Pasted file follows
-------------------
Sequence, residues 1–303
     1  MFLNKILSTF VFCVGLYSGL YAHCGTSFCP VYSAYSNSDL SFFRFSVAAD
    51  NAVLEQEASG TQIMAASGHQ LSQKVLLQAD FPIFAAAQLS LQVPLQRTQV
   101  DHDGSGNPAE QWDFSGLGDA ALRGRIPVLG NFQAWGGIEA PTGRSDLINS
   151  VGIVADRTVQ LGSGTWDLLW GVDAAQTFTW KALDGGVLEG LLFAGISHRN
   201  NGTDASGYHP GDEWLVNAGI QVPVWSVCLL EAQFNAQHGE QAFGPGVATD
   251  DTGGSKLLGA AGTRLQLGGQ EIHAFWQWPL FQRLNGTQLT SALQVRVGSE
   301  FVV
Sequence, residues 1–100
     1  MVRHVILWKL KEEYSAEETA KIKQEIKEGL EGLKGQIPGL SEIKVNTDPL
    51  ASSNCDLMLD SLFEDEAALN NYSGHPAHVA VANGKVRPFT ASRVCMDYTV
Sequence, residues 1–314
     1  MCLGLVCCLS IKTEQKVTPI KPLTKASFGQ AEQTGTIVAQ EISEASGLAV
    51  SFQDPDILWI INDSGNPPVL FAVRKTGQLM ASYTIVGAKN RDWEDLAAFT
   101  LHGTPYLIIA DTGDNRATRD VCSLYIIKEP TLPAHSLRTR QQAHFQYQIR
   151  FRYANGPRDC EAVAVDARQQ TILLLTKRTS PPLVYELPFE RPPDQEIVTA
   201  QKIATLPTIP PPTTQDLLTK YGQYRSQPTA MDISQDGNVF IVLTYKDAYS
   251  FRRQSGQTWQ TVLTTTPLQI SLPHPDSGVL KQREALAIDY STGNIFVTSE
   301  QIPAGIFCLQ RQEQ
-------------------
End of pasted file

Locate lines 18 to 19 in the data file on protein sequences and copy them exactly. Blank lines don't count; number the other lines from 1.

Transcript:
   251  FRRQSGQTWQ TVLTTTPLQI SLPHPDSGVL KQREALAIDY STGNIFVTSE
   301  QIPAGIFCLQ RQEQ